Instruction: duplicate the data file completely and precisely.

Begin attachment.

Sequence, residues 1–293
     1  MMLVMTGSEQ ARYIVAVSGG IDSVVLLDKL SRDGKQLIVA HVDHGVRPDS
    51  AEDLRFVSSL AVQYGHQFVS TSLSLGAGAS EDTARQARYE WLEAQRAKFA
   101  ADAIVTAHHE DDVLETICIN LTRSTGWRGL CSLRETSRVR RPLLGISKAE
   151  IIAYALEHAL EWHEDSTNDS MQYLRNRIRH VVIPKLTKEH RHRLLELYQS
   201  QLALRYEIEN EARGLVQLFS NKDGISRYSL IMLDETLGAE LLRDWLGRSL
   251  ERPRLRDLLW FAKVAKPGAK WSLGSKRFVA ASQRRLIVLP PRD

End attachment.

Sequence, residues 1–293
     1  MMLVMTGSEQ ARYIVAVSGG IDSVVLLDKL SRDGKQLIVA HVDHGVRPDS
    51  AEDLRFVSSL AVQYGHQFVS TSLSLGAGAS EDTARQARYE WLEAQRAKFA
   101  ADAIVTAHHE DDVLETICIN LTRSTGWRGL CSLRETSRVR RPLLGISKAE
   151  IIAYALEHAL EWHEDSTNDS MQYLRNRIRH VVIPKLTKEH RHRLLELYQS
   201  QLALRYEIEN EARGLVQLFS NKDGISRYSL IMLDETLGAE LLRDWLGRSL
   251  ERPRLRDLLW FAKVAKPGAK WSLGSKRFVA ASQRRLIVLP PRD